He begins by acknowledging the reality of sin and death in our world today, and traces their entry into our world back to the disobedience of our Original Parents. Their disobedience 1) opened the door to sin and let it into our world. Sin, in turn, 2) ushered death into our world. In the words of Paul, “the wages (or earnings or take-home) of sin is death” (Romans 6:23). So, in essence, he lays all the pain and suffering humanity has ever experienced throughout history at the feet of Adam (and Eve). It’s Paul’s argument that all humanity has suffered the consequences of the sin of the one person, Adam. Wouldn’t you agree that that’s a mighty large reality to lay at the feet on one person? But that’s how Paul came to understand it.

His next point is made by way of a contrast. He contrasts the disobedience of Adam with the obedience of Jesus Christ. But more to the point, he draws an important distinction between the effect of Adams’s disobedience and the effect of Christ’s obedience. And here I’ll paraphrase Paul’s words:

There’s a huge difference between Adam’s sin and God’s gracious gift. One man’s sin resulted in everybody everywhere sinning, which resulted in everybody everywhere dying. But Christ changed all that. Whereas Adams’s sin resulted in everyone being separated from God, God’s free gift reverses that and brings us back to into right standing with God. And what’s so amazing about this gift of life is that it’s offered to us even though we’re still guilty of sinning. Even though we don’t deserve and certainly haven’t earned it, life is ours to receive. So, through Adam we all died. But through Christ, death is destroyed, and we’re made alive forever.

Here’s what I think is Paul’s bottom line: To call the fallout of Adam’s sin colossal would be an enormous understatement. But comparatively speaking, the result of God’s grace and gift of forgiveness in Christ is even bigger. It’s immeasurable. What Jesus Christ accomplished for humanity through his life, death, resurrection, and return to glory is the ultimate one-up. It doesn’t get any bigger or better.

I probably should have included verse 20 in the reading because it makes this very point. It says, “Where sin increased, grace multiplied even more” (Romans 5:20). Where sin increased, grace multiplies itself even more. This truth is at the heart of the hymn, “Grace Greater Than Our Sin.”

Marvelous grace of our living Lord,
grace that exceeds our sin and our guilt!

Dark is the stain that we cannot hide.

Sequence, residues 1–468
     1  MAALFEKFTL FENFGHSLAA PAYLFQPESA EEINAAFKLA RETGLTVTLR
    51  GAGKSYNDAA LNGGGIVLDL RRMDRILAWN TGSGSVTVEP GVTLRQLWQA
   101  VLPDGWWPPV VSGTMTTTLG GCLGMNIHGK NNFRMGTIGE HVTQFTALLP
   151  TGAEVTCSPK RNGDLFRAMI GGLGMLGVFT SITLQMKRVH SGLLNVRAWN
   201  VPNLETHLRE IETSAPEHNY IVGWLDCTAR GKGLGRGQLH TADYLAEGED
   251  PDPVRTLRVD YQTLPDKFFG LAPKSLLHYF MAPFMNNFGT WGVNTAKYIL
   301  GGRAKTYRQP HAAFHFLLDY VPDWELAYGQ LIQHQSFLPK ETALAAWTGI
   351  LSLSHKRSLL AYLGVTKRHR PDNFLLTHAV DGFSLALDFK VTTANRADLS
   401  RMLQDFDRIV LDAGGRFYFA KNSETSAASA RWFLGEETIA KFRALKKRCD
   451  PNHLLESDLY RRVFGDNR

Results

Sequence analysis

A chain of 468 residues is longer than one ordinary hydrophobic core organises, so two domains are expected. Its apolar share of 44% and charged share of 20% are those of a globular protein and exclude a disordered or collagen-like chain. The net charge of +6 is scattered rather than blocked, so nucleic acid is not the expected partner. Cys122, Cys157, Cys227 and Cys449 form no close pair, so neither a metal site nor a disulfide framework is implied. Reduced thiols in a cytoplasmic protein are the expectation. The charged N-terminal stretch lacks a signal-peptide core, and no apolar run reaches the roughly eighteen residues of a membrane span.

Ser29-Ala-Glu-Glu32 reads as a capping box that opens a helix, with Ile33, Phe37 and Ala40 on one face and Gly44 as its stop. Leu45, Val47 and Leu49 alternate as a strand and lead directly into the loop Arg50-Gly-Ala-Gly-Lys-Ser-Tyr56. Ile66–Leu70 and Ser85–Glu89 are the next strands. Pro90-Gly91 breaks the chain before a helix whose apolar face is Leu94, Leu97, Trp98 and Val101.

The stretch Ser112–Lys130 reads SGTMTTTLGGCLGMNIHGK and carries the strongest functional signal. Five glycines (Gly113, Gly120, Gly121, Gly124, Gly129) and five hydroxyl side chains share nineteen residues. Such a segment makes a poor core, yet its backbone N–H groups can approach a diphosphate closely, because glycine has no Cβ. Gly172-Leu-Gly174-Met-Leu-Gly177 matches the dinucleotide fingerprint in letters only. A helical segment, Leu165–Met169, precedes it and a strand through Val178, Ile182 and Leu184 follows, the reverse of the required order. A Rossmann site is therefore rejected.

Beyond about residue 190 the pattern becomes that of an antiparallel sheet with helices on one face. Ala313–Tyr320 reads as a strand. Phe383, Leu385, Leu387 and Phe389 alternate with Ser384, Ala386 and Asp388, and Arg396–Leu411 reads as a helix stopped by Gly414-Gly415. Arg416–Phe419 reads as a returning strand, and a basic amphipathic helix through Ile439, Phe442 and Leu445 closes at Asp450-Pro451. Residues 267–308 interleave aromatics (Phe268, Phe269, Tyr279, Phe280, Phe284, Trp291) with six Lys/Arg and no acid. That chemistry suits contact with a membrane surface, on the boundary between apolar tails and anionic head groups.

What can avail to wash it away?
Look! There is flowing a crimson tide,
brighter than snow you may be today.

Grace, grace, God’s grace,
grace that will pardon and cleanse within;
grace, grace, God’s grace,
grace that is greater than all our sin.

What’s the point to all of this? Jesus is supreme over all. All people. All nations. All earthly kingdoms. On the cross, he destroyed the power of death and sin. And in his resurrection, revealed the truth that in him, anyone can experience the reality of eternal life. And eternal life is ours starting today. God’s grace, poured out on us through faith in Jesus Christ the Son of God, is the greatest gift in all the world. Jesus Christ is supreme over all.

We may nod in agreement with this statement about Jesus as a theological concept, but how does that help us when the painful realities of living in this world come crashing down around us? In light of what happened this past week at Michigan State University, which, understandably, resulted in students now feeling unsafe to walk around campus, what it does it mean for Jesus to be supreme over all? How about the Oxford shootings? Or the mass shooting that literally take place in our country on a daily basis? Or stage 4 cancer? Or earthquakes that kill tens of thousands in an instant? Or dictators trying to expand their territory and power through war? Or the ugly persistence of racism and bigotry that destroys our souls? Greed, poverty, injustice, oppression, violence, warfare — these are the awful, terrible realities of our broken world, all of which, says Paul, are the result of the disobedience of our Original Parents.

But the greater truth is that Jesus Christ is still Lord of all, even while we suffer the effects of sin.

Knowing that he was about to leave this world, and knowing that his death would be a kick in the teeth for his disciples, Jesus prepared them for what was coming by telling them the truth. “In the world you have distress. But be encouraged! I have conquered the world” (John 16:33).

Friends, that is the truth. It’s a truth that even more real and more true than the reality of sin and death and suffering. Through his life and death and resurrection, Jesus has overcome sin and death. This means that even when we suffer, we still have Jesus. He’s still present within us. He still lives in us. His Spirit still strengthens us and gives us courage to face whatever hardship we may be dealing with. And he’s promised us that he will return some day and complete, if you will, his destruction of sin and death and suffering so that they will come to an eternal end.

I know that when bad things happen and unexpected hardship befalls us, very often our first question is “why?” Why did this happen? And Why did God let this happen? I’m not sure we’re ever going to find good and helpful answers to this question. Yes, we may try to make sense out of senseless violence and needless adversity by assigning meaning to it somehow. But probably it’s more often the case that the troubles and burdens we endure are chiefly the upshot of living in a world that’s still reeling from the effects of sin. But here’s the deep, deep truth: God loves us. He’s never stopped loving us. And Christ’s victory over sin and death remains firm. And no shooter or bullet or disease or warped sense of truth can take that reality away. Because when all is said and done, Christ is and will be forever supreme over all. Thanks be to God.

Let’s pray…